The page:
baum, Campaign Vice President; and Mollie Fitterman, Women's
Division President.
imn; and Jeanne
sf Palm Beach
Attending from Palm Beach are Ruth Berman, Helen Hoffman, and
Jeanne Fogel.
Members of the $10,000 minimum Rnby Lion of Judah Com-
mittee are Berenice Rogers, Chairman; Mildred Hecht-
Wohlgemuth; and Rita Dee Haaaenfeld. Also serving on the
committee are Jackie Eder, Ruthe Eppler, Dorothy Kohl,
Jeanne Levy, Eileen Nickman and Marva Perrin.
Attending from the Lands of the President are Marion Coppelman, Ruth
Wilensky, and Martha Richman.
Dora Roth (front row, right). Holocaust survivor and Israeli mother,
with Sloan's Curve residents (front row) Gloria Phillips, and (back
row) Selma Rosen, Lee Mazer, Ruth Berman, and Edith Weiss.
**, Jeanne Glasser, Esther
Attending from Eastpointe are (front row) Sherry Clair, Marilyn Zelnick, and Sara Bienstock.
Standing are Beth Hyman, Fran Newman, Shirley Krellenstein, Helen Sodowick, Anita Shapiro,
Dale Nadel, and Helen Pashcow.

"Page 14 The Jewish Floridian of Palm Beach County/Friday, January 30, 1987
Arms Exports:
No Apologies
One of the secondary Shockwaves from the U.S. ship-
ment of weapons to Iran via Israel can be seen in the explo-
sion of news stories about Israel's role as a weapons ex-
porter. Major papers have bannered headlines reading,
"Israel, Arms Merchant to the World" and "Israeli
Economy Depends on No-Questions-Asked Arms Sales."
The condemnatory mood reached the Jewish press, with
one weekly putting the headline "Israel's Merchants of
Death" over a relatively objective analysis.
Whenever the media hounds are after the Israeli fox, one
can be sure that the adjacent countryside has escaped their
notice. Getting barely fro forma mention this time were a
number of salient facts, among them:
Israel must maintain a domestic weapons industry.
Even before the 1948 War of Independence, an arms em-
bargo was slapped on Palestine by mandate-holder Great
Britain; another was imposed by the United States after
the war broke out. These affected the beleaguered Jews
much more than the attacking Arabs and nearly aborted
the Jewish state.
In the early and middle 1960's Israel's major weapons
systems came from France. In the wake of the 1967 Six-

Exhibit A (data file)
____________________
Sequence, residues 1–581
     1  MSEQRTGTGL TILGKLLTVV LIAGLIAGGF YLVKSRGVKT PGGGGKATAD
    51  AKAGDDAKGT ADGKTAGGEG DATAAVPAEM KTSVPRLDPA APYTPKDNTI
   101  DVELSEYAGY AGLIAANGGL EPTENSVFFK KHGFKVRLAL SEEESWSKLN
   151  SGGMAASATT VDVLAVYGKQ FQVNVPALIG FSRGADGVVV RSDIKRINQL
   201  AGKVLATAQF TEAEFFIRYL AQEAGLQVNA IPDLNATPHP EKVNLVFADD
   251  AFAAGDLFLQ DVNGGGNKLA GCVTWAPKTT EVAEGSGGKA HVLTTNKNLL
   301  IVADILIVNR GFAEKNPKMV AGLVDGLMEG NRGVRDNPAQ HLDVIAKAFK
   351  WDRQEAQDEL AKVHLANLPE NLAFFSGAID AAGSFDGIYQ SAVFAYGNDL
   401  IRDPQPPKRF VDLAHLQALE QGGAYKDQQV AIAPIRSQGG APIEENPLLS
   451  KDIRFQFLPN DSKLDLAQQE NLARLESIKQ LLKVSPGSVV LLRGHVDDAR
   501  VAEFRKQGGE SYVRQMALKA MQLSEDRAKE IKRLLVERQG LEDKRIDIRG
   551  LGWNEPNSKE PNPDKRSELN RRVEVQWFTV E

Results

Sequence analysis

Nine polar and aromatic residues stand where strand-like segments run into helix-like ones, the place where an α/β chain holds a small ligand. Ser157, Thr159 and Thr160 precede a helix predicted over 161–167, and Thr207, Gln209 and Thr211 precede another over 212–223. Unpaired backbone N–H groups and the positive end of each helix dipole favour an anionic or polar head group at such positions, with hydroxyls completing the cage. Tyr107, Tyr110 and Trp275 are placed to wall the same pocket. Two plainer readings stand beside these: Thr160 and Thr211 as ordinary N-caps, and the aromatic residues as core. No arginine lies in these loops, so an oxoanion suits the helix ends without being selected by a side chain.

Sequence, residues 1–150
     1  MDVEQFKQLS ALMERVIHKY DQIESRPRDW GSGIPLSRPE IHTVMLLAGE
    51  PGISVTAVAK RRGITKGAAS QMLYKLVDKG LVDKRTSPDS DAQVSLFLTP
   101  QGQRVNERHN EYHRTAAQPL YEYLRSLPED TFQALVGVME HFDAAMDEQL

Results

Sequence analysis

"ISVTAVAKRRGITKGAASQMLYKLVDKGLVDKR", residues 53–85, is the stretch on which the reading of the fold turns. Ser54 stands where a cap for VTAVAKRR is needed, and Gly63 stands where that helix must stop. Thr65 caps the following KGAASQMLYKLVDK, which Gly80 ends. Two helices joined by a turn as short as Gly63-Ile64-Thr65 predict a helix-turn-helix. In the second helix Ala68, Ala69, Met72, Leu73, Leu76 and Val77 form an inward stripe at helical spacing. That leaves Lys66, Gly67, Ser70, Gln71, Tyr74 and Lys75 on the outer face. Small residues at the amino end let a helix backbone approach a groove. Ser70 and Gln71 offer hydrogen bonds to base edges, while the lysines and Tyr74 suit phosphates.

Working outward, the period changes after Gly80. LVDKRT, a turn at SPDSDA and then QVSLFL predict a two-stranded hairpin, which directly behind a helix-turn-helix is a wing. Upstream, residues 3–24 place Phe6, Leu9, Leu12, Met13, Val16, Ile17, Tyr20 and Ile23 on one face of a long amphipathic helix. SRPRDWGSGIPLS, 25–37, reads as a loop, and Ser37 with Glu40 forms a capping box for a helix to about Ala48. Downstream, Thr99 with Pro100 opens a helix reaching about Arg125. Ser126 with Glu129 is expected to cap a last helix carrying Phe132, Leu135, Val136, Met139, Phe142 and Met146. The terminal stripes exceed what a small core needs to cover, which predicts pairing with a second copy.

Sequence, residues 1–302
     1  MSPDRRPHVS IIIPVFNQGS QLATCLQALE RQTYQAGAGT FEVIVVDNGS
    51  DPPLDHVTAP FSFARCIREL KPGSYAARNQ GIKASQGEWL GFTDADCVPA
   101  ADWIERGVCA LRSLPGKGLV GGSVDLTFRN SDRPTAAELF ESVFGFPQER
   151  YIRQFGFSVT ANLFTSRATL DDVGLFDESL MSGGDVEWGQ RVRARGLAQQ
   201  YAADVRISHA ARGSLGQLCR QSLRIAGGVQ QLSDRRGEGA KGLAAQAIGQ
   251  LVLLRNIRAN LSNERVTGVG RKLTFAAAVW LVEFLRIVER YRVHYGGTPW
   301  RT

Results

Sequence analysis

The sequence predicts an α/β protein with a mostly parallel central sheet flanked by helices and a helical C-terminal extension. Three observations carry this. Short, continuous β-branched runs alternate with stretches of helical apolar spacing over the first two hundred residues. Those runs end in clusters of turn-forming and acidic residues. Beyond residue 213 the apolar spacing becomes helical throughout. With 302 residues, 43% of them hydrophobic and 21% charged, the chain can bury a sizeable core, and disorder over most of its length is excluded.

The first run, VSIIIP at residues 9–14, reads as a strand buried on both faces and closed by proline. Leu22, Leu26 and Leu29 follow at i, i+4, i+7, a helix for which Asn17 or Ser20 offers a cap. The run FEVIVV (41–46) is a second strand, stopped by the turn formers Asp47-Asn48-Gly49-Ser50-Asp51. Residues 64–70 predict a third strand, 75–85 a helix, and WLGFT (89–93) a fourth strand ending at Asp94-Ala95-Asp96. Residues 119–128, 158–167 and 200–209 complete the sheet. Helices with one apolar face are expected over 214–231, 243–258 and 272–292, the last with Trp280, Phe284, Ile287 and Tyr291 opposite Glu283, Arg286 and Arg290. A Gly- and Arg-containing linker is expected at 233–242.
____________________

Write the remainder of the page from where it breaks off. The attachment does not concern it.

Day War, De Gaulle, angered that Israel had complicated
his diplomatic courtship of the Arabs, imposed a new em-
bargo, refusing even to deliver materiel already paid for.
With such a history and still surrounded by Arab
states which not only refused to recognize Israel but also
considered themselves at war with it Jerusalem deter-
mined to become as militarily self-sufficient as possible.
Even so,
Weapons systems jumped at least two generations in
complexity and destructiveness from 1967 to the 1973 Yom
Kippur War and then to the 1982 Lebanon War. Their costs
escalated accordingly. Selling Israeli-manufactured
weapons only to the small Israeli military no longer
generated enough revenue to sustain the domestic arms in-
dustry. Notwithstandi ig high levels of U.S. military aid,
exporting weapons became critical.
The need for exports intensified in the first half of the
1980's. While Israel slashed its defense budget to help cut
triple-digit inflation, Arab states continued to accelerate
the Middle East arms race. From 1973 to the present, Arab
states have imported over $100 billion worth of weaponry.
During the same period Israeli imports were about $10
A number of stories, citing private sources, have alleg-
ed that Israel now ranks as one of the world's most impor-
tant arms exporters. In fact, the authoritative U.S. Arms
Control and Disarmament Agency's World Military Ex-
penditures and Arms Transfers, 1985 listed the Soviet
Union as number one, with 28.4 percent of all weapons ex-
ports from 1981 through 1984. The United States was se-
cond, with 24.6 percent, followed by France, 10.7 percent;
Great Britain, 5.2 percent; West Germany, 4.3 percent,
and Italy, 2.9 percent. The figures available for 1980-1983,
showed Israel s share at 0.77 percent.
Many of the world's relatively few democracies build
their own weapons or buy them from other Western states.
So Israel which now reportedly ships half the exports oi
its military industries to the United States must find
other markets among the much more numerous non-
democratic states.
This plainly clashes with the Jewish state's biblical voca-
tion to be "a light unto the nations" and with the Zionist
ideal of a model ethical state. But any government's first
duty, as the U:S. Constitution notes, is "to provide for the
common defense." To do so Israel must support its arms
and related industries now employing an estimated 10
percent of the work force and has no choice but to export
a large portion of their output.
To protest this reality one should go not to Jerusalem but
to the capitals of Europe, to Moscow and to Washingtor